Velvet: cut pile and voided; silk, gold and silver thread: embroidery; split and couching stitches
Overall: 122.2 x 73.7 cm (48 1/8 x 29 in.)
Purchase from the J. H. Wade Fund 1950.85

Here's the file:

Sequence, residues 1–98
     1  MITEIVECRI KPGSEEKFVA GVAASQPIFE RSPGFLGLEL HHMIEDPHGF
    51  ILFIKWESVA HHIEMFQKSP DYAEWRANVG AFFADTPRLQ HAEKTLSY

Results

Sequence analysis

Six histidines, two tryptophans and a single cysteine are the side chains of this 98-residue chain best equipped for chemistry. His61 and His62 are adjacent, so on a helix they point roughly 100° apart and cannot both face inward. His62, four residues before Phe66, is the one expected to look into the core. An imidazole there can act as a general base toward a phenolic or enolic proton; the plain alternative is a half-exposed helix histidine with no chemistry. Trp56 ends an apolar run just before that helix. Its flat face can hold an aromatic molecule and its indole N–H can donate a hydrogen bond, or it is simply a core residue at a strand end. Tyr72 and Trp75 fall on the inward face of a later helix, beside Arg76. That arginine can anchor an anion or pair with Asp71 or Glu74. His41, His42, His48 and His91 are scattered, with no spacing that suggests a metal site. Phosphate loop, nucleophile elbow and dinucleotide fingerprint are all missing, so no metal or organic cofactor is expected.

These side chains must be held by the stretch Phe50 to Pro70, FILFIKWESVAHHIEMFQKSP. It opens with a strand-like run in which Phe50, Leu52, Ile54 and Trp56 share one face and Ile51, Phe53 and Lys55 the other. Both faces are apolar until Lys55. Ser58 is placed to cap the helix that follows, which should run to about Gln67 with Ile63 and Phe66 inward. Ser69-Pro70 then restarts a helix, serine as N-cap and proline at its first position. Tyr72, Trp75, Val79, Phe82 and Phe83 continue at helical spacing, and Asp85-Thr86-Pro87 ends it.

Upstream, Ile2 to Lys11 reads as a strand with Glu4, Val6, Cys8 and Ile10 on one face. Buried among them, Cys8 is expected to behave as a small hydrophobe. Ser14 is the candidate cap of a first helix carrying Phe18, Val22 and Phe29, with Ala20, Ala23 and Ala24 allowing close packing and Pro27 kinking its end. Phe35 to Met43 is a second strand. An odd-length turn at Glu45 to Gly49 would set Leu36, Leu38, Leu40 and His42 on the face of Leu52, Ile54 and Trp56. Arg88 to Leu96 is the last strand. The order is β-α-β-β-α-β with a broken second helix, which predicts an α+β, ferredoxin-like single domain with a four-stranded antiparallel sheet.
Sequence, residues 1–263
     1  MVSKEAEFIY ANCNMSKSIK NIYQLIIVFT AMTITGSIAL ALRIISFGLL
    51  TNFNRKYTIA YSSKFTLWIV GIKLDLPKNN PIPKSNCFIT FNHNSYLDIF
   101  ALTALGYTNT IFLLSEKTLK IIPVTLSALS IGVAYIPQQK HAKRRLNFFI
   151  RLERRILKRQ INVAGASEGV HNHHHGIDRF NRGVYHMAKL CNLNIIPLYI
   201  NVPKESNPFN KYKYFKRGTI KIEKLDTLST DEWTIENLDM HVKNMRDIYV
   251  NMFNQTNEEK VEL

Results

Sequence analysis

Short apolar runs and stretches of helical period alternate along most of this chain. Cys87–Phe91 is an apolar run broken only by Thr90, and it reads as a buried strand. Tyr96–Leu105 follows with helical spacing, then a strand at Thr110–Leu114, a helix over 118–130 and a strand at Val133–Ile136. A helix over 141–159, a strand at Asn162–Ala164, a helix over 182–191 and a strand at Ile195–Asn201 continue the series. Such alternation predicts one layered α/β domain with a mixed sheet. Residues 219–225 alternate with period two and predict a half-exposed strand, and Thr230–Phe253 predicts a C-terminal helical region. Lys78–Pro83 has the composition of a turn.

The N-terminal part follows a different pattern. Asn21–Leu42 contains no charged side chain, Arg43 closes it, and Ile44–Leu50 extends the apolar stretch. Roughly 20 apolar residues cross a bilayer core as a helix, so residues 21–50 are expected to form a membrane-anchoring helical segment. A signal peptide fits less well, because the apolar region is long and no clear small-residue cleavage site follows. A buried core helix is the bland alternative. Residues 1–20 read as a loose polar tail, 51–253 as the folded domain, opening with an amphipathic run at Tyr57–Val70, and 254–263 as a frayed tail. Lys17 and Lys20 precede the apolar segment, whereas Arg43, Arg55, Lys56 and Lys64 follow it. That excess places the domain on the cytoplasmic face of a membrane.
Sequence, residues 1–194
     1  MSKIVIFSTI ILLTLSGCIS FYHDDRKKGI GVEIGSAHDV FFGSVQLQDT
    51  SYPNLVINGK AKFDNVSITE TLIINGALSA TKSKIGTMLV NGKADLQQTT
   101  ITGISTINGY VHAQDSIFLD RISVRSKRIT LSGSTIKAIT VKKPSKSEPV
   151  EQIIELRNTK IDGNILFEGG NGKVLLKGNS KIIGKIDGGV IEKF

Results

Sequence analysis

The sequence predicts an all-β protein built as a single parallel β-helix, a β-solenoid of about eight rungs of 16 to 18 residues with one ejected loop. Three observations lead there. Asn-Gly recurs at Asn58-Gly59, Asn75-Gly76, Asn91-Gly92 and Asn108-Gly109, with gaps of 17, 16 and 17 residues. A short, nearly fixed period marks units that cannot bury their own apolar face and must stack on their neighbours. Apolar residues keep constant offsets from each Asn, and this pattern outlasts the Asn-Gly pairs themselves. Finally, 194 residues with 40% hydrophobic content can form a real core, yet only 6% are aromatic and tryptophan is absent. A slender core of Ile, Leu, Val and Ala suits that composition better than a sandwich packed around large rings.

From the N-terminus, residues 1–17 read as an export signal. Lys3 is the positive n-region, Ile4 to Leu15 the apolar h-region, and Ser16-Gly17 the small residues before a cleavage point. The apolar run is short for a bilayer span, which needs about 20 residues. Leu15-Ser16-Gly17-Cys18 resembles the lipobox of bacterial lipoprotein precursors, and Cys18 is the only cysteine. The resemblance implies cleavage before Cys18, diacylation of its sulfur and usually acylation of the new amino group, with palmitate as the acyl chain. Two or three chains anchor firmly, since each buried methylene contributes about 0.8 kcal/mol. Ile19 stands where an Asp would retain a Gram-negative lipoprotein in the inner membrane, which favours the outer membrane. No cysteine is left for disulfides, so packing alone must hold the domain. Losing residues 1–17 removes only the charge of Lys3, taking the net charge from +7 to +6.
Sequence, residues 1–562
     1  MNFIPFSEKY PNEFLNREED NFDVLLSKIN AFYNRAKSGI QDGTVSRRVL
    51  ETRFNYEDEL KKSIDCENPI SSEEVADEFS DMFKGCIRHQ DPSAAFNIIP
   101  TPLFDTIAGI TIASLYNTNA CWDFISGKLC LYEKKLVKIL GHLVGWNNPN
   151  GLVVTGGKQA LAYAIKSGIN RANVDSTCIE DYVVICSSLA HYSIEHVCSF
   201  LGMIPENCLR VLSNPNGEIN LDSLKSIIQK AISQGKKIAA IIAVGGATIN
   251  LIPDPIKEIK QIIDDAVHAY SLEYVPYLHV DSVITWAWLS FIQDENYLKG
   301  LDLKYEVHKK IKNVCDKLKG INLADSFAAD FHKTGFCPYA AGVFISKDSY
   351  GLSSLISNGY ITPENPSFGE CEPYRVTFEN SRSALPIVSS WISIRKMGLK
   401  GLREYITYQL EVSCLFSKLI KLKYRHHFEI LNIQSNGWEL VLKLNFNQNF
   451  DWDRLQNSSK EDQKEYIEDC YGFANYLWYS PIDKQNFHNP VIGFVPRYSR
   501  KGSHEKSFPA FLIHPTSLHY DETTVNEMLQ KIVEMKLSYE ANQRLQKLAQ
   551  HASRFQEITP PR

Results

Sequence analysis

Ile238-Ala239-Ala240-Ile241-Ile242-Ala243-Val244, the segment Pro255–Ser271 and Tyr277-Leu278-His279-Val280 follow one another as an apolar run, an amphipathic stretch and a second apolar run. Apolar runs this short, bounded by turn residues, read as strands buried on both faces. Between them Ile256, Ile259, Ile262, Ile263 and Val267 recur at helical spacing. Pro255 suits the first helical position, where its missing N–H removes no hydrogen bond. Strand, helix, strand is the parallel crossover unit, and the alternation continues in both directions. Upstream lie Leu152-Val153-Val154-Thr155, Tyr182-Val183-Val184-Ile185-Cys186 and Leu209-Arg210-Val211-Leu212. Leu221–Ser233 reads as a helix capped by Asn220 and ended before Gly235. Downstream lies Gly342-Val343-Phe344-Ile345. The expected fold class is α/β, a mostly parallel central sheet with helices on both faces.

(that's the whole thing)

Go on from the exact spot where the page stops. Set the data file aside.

The chasuble is the main sleeveless outer vestment worn by priests while officiating during Mass. By the 1400s, the chasuble became highly ornamented with embroidered decorative bands called orphreys, often in the shape of a cross, as seen here. This luxurious Italian example features velvet of three colors with lush pile. In Graz, Austria, it was embellished with a locally embroidered orphrey featuring crowns, haloes, and backgrounds of scenes formed with gold thread. The Virgin and Child, and Saints Catherine, Dorothy, Ursula, and Barbara are featured.
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